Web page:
It’s not uncommon for a cat to have fleas and suffer from another condition at the same time. For example, your pet might have gastrointestinal problems or an infection. 

 

Both of these conditions can cause the cat to behave erratically. If you suspect any other health issue, take the cat to the vet and have it examined.

 

Reacting to the Infestation

 

Having fleas is not pleasant at all. Cats who are infested with them tend to act erratically even before you administer the serum. That’s why it’s not uncommon for them to continue to act that way after the anti-flea treatment. All you have to do is give them time, and they’ll switch back to their default settings soon enough.

 

Why Does My Cat Go Crazy After a Flea Treatment? — A Few Final Thoughts

 

Treating a cat against fleas is as important as any other procedure. But as an owner, you have to be careful and approach the problem the right way. Keep in mind that you should always consult the vet and make sure that you get the right product. Hopefully, the dreaded Why does my cat go crazy after a flea treatment question never has to cross your mind again.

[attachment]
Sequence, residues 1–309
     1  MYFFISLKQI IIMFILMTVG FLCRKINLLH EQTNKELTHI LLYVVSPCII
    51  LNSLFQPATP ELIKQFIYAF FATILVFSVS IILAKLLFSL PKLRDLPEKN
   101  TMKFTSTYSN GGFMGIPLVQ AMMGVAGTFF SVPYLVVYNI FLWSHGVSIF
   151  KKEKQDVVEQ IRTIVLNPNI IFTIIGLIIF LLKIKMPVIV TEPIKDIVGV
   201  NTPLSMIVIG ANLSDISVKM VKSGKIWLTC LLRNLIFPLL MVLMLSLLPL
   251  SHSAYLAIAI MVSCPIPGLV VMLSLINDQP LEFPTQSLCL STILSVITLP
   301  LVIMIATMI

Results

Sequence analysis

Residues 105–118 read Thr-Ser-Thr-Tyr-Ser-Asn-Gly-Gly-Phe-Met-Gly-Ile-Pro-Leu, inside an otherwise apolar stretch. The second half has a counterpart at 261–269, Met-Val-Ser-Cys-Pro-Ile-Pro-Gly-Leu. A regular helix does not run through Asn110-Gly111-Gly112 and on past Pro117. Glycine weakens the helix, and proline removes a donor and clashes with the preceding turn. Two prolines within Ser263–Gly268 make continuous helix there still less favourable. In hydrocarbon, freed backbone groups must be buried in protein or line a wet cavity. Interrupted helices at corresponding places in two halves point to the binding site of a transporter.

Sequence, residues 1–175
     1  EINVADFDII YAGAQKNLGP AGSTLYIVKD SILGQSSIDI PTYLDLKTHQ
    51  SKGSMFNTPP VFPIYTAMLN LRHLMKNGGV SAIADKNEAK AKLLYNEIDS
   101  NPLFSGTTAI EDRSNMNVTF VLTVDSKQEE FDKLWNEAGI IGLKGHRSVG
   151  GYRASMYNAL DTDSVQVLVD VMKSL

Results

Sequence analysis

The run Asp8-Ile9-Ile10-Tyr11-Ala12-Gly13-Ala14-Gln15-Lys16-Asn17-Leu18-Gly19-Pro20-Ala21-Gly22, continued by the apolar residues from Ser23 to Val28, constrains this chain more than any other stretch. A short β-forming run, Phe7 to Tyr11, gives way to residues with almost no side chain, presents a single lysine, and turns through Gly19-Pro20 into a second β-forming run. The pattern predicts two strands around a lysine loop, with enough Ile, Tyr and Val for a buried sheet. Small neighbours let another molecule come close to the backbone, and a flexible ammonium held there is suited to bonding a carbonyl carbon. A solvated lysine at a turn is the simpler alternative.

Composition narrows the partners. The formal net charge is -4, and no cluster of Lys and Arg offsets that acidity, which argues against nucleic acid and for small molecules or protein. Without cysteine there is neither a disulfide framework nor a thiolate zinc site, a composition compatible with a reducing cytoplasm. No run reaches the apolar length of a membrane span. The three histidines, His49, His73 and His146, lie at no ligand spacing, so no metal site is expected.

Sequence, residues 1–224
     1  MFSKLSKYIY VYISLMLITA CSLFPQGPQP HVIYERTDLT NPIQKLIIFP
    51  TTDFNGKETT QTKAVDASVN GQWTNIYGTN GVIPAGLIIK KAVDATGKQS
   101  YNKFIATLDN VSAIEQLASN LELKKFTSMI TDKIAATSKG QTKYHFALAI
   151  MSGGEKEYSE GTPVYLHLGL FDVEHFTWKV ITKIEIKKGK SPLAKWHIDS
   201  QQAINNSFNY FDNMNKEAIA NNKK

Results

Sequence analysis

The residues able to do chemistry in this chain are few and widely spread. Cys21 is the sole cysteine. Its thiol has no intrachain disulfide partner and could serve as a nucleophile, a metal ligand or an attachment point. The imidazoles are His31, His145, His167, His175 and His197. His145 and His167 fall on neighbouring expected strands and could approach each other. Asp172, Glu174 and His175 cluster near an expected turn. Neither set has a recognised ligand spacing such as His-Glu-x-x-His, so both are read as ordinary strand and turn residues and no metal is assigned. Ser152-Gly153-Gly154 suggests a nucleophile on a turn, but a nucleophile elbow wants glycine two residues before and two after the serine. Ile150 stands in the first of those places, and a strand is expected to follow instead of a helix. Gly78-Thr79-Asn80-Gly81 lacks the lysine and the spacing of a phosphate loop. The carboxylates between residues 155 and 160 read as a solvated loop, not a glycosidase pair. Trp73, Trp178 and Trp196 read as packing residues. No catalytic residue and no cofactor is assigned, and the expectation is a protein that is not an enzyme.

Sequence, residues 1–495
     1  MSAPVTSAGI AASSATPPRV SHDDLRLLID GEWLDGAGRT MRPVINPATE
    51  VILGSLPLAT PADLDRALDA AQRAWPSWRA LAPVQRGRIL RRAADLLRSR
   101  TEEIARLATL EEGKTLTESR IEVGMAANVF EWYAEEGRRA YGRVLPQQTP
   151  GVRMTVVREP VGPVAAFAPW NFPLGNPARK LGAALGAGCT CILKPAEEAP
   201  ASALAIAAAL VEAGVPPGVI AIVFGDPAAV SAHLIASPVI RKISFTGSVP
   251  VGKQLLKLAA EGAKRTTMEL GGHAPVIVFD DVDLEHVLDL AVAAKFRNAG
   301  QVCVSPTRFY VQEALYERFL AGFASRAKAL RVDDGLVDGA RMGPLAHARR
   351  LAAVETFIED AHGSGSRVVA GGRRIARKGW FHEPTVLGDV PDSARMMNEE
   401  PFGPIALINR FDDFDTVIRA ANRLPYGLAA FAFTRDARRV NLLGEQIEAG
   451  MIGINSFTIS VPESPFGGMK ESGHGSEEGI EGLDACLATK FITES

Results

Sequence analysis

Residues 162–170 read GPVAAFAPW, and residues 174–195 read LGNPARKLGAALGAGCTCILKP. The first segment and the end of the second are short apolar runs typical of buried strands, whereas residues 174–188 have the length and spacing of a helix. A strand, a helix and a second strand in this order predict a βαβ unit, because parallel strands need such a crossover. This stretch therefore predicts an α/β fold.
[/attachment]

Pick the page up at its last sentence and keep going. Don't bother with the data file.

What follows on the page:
Michael Grover

About Me I have been a pet owner for most of my life. I am now retired and spend my days writing about problems relating to cats, dogs, and funeral poems. I am passionate to stop animal cruelty in any shape or form. My passion is to help people like you identify behavior problems in cats and dogs. That is what I do. Over the years of my life, I have always kept cats and dogs. About 4 years ago I retired and found I had a lot of time on hands so I started to write all about dog and cat problems. It was suggested to me that I should start up a website and publish my words to help people with their pet problems. I am still writing every day and hope you find my articles useful. Regards Mike Grover